I’ve spent a lot of time lately working on book 6 of Tales of the Lore Valley, (along with plotting out books 7, 8, and 9 and starting up a brand new storyline… details to come) so I’ve had this idea rattling around in my head for a little while now.
I’ve always had trouble marketing the Lore Valley series. It has a distinctive style and pace, which I’ve kept for each of the first three books, and which I intend to keep for however more books I end up doing. Each book is short, falling more into the novella size, and highly episodic. I consider each set of three books to be something like a TV season, telling a ‘chapter’ within a much larger overarching story. Ostensibly, it’s about a world being invaded by a mysterious enemy, but the individual stories touch on much more than that. Air pirates, destiny and fate, friendship and loyalty, the power (and tyranny) of magic.
In the past, at shows or just talking to people, I’d call it sword and sorcery. That always seemed to fit, but I found that description lacking and unsatisfying. It didn’t quite capture the style and tone of the books, especially when they’re fast-paced, character-driven stories that usually end with plot-derived cliffhangers. They have a serial, pulpy style to them, like the old pulp fiction serials of the past. Well, that gave me an idea.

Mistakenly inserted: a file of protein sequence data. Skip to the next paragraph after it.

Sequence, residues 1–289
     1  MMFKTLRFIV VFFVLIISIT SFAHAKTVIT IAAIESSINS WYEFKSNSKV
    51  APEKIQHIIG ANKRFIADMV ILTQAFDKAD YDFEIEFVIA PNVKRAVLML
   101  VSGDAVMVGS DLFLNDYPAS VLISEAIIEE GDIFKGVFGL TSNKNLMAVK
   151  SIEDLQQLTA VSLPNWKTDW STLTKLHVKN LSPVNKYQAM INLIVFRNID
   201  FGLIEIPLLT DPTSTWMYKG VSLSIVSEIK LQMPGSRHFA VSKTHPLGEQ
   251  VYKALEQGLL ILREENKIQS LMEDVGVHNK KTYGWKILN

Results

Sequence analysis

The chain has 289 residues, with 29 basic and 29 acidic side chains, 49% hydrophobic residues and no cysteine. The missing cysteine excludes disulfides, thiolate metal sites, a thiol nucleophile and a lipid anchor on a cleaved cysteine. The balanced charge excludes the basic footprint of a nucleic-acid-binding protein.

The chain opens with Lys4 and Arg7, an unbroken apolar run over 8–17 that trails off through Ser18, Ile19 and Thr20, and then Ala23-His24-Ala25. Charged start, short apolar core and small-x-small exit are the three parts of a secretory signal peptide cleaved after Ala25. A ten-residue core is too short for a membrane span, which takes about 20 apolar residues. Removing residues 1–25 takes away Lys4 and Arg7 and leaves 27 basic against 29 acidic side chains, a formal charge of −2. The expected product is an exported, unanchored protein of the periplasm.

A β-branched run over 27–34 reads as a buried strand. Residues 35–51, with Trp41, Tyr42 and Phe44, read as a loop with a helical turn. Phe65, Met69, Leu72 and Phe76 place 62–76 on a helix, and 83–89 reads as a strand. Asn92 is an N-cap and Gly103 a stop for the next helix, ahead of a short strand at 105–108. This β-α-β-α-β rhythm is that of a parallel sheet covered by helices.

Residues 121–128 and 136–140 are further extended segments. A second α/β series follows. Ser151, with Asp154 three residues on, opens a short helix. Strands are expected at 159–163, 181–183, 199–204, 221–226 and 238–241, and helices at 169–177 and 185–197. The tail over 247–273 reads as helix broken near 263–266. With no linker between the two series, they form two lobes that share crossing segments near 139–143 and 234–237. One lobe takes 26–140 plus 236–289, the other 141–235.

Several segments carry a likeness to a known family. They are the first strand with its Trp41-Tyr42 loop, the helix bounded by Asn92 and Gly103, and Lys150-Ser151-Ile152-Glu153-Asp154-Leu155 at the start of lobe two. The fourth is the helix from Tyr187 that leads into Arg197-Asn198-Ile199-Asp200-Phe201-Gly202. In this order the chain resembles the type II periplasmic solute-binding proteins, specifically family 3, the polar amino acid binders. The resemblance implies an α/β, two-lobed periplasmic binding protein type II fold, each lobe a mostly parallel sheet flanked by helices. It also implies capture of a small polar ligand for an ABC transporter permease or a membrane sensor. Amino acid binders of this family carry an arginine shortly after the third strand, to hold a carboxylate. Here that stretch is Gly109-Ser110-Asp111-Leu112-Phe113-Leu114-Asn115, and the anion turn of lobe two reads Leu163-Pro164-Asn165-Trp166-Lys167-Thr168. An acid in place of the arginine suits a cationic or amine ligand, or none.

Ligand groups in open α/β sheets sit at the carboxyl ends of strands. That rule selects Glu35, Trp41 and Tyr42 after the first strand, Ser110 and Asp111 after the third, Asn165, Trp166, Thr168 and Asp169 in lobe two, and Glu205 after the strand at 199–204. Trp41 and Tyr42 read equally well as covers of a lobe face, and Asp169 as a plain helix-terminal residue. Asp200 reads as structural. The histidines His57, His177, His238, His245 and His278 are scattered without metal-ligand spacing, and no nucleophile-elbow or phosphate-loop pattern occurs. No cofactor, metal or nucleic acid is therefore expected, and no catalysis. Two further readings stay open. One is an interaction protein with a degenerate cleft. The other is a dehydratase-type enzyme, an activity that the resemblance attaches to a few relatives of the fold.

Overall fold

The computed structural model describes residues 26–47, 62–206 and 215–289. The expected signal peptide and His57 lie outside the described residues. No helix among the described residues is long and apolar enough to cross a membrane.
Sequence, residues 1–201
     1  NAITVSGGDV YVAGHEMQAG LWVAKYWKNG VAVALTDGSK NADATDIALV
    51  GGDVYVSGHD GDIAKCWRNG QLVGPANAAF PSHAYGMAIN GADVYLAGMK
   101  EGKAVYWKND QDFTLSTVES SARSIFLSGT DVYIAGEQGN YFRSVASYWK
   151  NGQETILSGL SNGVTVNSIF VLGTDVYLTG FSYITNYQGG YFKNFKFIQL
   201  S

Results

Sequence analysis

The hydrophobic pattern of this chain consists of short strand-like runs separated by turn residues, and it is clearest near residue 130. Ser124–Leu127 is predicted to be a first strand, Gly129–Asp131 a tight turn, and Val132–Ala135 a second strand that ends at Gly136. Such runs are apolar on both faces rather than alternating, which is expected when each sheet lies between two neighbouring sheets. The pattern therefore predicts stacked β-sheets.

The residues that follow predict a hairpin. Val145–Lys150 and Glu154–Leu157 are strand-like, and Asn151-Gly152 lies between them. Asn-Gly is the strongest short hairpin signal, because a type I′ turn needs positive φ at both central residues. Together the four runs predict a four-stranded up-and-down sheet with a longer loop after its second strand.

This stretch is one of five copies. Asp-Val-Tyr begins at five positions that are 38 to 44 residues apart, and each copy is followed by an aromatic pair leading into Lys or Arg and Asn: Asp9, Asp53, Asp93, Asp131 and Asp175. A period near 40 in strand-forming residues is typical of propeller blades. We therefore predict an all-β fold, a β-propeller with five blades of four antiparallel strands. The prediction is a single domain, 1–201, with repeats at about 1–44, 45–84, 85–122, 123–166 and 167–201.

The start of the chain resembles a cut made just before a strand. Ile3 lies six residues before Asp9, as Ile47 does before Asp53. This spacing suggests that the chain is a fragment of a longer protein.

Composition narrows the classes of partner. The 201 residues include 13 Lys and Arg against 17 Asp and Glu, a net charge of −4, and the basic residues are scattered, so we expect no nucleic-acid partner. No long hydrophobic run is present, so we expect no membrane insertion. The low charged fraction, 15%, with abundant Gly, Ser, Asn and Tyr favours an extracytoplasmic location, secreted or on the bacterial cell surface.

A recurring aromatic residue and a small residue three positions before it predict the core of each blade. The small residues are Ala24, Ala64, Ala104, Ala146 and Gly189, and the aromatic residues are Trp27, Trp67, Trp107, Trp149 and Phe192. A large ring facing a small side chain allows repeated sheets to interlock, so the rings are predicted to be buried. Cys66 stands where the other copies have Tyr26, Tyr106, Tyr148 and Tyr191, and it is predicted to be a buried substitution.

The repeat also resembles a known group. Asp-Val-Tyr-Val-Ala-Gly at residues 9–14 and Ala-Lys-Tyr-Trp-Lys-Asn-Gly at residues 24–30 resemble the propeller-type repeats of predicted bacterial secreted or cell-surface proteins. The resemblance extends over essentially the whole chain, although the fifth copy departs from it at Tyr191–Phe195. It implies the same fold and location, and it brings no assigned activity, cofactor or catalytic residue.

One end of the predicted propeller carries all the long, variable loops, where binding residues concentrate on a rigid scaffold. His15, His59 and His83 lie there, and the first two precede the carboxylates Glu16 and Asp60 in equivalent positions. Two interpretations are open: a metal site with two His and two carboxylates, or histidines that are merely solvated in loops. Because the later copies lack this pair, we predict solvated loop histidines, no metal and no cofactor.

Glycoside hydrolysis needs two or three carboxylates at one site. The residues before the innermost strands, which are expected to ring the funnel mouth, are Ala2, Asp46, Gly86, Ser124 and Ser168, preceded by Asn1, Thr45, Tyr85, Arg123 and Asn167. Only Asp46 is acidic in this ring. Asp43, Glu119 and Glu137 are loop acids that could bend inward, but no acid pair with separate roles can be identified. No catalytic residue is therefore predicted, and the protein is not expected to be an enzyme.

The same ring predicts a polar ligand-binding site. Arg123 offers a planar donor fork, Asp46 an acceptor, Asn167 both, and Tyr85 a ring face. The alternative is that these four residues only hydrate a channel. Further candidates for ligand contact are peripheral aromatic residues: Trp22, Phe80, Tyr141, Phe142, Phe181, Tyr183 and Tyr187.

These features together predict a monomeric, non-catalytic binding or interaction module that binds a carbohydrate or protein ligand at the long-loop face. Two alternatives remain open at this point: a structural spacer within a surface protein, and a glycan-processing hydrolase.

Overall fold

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Now, this term is already out there in some limited usage, mostly as a description of certain types of fantasy books, a lot of them already included in the – you guessed it – sword and sorcery genre. Here’s a post from Grognardia that lays this out in detail. What I intend to do, however, is usurp that term the same way my buddy Demethius Jackson has cornered the market on self-help fantasy. Go ahead, Google “self help fantasy” and see who comes up first!
So, long story short, what you’re about to see is an author embarking on a new marketing campaign. I’m not totally sure how I’ll make this happen, but feel free to watch the magic as I fumble through this extraordinary (and tedious) adventure! I’ll start with the book descriptions and keywords, and then work my up to blog posts (like this one!) and conversations all over the web. When you ask me at a show or signing what the books are about, I’ll absolutely include the phrase in my discussion of it with you, possibly more than once. Over time you’ll get so sick of it that you’ll buy my books just to burn them in a pagan ritual condemning me to some unnamed pit of pagan hell.
That’s when I’ll know I’ve done my job.
P.S. For what it’s worth, feel free to buy as many of my books as needed for pagan rituals. If said rituals involve dancing naked in the woods, I might even do a book signing beforehand!